Radioactive particles from huge solar storm found in Greenland

Jan Cross
March 15, 2019

The material appears to be the radioactive remnants of a solar storm that battered the atmosphere.

SPEs, also known as solar proton events, send tons of particles, such as high-energy protons, toward Earth, and when they hit our planet, they interact with Earth's atmosphere.

But had such an event occurred in modern times, they would have wiped out power grids, Global Positioning System technology and computer networks.

Solar storms are triggered by flares of cosmic particles streaming towards Earth, bombarding its magnetic field and interfering with various technologies.

Presently an enlarged amount of research portrays that solar storm can be even more robust than measurements have portrayed till now through undeviating inspection.

"If that solar storm had occurred today, it could have had severe effects on our high-tech society", study co-author and Lund University geology professor Raimund Muscheler said in a statement. And although these kinds of enormous solar storms remain incredibly rare, one could very likely strike our planet again, but with much more devastating effects this time around.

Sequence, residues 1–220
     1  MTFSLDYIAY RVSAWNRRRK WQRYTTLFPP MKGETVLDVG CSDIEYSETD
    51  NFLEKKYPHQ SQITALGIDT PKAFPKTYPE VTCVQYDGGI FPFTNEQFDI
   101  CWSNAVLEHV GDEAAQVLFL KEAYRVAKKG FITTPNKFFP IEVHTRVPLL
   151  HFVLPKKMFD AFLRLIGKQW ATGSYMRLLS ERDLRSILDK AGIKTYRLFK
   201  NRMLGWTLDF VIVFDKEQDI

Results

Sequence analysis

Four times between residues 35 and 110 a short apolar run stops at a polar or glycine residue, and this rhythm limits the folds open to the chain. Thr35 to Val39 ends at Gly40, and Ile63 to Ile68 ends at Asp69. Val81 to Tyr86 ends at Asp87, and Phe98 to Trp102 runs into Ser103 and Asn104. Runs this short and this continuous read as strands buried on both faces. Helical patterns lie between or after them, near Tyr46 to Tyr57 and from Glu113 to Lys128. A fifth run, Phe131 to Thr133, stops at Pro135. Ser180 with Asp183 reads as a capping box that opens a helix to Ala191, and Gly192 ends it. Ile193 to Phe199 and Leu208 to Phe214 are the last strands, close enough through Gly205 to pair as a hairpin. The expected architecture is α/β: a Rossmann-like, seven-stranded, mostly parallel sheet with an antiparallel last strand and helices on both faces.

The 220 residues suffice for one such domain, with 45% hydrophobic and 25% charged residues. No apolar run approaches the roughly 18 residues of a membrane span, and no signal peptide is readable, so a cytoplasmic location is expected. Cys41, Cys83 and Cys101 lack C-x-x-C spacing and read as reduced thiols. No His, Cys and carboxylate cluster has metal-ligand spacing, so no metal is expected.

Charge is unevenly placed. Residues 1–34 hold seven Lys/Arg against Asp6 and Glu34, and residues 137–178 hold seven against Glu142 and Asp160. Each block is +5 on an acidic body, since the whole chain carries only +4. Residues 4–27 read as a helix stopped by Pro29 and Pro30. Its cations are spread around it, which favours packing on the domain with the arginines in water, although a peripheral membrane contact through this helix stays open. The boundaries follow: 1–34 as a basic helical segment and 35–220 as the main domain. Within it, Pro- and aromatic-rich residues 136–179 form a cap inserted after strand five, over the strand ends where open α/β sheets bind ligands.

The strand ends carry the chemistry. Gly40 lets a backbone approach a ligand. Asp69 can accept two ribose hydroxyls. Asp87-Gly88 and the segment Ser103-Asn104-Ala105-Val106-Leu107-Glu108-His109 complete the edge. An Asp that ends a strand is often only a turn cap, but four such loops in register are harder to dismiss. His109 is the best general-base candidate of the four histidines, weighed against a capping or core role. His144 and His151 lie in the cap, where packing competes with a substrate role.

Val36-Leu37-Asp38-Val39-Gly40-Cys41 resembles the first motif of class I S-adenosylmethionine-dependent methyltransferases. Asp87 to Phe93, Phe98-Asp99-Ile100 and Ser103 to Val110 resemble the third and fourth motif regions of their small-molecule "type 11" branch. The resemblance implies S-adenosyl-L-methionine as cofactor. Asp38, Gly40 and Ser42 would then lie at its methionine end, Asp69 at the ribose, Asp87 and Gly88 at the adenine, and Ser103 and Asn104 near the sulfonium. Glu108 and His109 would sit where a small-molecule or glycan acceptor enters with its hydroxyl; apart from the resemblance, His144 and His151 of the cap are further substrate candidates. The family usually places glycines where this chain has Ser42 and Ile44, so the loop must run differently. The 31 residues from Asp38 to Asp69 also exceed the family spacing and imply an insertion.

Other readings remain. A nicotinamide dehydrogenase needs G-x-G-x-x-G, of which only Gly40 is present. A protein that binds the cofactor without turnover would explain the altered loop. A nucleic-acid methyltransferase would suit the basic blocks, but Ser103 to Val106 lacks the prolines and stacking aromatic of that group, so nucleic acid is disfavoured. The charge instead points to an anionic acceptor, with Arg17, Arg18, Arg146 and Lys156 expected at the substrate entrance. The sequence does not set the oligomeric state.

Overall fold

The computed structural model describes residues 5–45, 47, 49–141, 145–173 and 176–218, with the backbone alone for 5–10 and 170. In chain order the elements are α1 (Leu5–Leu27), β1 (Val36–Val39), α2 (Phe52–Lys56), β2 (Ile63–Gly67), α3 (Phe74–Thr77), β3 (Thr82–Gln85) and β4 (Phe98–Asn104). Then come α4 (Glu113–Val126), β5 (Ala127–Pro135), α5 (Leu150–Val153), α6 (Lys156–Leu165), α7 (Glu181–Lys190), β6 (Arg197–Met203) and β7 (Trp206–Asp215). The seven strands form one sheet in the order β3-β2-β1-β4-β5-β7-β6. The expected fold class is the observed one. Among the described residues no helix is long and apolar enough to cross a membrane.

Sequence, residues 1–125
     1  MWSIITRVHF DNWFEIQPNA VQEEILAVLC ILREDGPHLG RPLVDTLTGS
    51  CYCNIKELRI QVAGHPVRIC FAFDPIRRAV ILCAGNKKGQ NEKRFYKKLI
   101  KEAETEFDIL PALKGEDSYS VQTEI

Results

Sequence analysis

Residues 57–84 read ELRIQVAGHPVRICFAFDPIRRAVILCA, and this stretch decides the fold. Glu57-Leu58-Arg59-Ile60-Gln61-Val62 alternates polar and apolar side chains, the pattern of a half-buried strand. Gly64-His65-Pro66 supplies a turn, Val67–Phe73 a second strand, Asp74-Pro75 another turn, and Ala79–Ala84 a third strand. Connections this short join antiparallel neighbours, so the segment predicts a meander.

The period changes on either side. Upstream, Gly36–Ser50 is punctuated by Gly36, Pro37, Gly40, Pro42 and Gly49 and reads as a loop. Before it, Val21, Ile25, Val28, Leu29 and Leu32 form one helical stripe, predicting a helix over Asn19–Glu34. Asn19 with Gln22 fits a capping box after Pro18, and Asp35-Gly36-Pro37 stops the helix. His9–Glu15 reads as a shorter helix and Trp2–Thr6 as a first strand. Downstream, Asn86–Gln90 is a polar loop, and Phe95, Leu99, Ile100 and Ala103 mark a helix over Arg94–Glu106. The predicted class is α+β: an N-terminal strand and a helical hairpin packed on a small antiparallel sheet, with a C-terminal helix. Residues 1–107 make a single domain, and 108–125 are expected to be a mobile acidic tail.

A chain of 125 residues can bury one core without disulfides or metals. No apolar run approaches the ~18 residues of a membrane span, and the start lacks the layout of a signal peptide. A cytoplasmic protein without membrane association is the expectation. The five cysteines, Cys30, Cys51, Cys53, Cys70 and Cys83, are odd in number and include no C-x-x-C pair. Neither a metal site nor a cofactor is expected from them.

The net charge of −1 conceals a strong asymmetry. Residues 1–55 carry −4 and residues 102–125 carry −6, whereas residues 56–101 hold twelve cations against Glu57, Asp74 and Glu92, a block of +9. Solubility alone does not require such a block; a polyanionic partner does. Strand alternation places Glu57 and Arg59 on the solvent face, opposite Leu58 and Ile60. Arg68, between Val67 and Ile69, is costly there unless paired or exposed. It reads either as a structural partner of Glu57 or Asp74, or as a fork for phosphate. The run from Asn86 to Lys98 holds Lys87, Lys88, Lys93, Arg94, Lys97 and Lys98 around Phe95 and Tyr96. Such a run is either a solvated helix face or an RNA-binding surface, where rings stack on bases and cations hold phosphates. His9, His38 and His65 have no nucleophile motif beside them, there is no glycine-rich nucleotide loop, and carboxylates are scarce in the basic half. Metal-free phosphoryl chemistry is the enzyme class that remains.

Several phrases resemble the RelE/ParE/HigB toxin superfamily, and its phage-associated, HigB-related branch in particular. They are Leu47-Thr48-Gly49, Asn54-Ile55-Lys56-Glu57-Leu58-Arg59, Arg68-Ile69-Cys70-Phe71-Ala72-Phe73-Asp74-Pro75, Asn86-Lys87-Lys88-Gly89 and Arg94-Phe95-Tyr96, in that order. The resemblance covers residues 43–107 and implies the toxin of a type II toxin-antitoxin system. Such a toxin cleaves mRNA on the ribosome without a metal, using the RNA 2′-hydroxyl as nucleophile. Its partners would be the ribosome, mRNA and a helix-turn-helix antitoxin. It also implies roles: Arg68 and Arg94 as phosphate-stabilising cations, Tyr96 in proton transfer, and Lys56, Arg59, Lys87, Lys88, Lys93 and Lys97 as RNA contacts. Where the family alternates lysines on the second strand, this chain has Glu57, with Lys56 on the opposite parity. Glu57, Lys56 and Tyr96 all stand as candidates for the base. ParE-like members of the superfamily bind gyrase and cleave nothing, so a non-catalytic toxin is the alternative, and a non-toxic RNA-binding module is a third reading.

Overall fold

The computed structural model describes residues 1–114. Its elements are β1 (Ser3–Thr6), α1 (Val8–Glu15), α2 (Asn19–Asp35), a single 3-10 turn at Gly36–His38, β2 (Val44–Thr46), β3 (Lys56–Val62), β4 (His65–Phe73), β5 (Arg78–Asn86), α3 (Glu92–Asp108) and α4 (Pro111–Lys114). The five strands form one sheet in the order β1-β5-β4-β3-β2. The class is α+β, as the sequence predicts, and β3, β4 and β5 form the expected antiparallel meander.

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He added: "We must increase protection against solar storms". This sets off reactions that raise the production rate of radionuclides - unstable atoms with excess nuclear energy, which include carbon-14, beryllium-10, and chlorine-36.

The team made this observation after studying a band of radioactive elements, unleashed by a storm that struck the planet in 660 BC, preserved in the ice almost half a kilometre beneath the surface. Spikes in beryllium and chlorine isotopes indicated that, during the seventh century BCE, the world was rocked by a storm that might be among the strongest ever recorded.

The scientists examined ice from two core samples taken from Greenland.

"There are high-energy solar energetic particle events, or solar proton events", Muscheler told Paul Rincon at BBC News. The A.D. 993-994 event was smaller than the other two ancient storms by about a factor of two to three, he added. A new study has made a decision to analyze ice cores (samples of ice which are recovered from glaciers and zones where the ice is ancient) as they aimed to learn more about the phenomenon and how it can influence the world.

According to the recent study, which was published in the journal Proceedings of the National Academy of Sciences, there is the possibility of another one striking.

The discovery means that in the worst-case scenarios, the risk planning for major space-related weather events had failed to estimate the scale of destruction these powerful solar storms can unleash.

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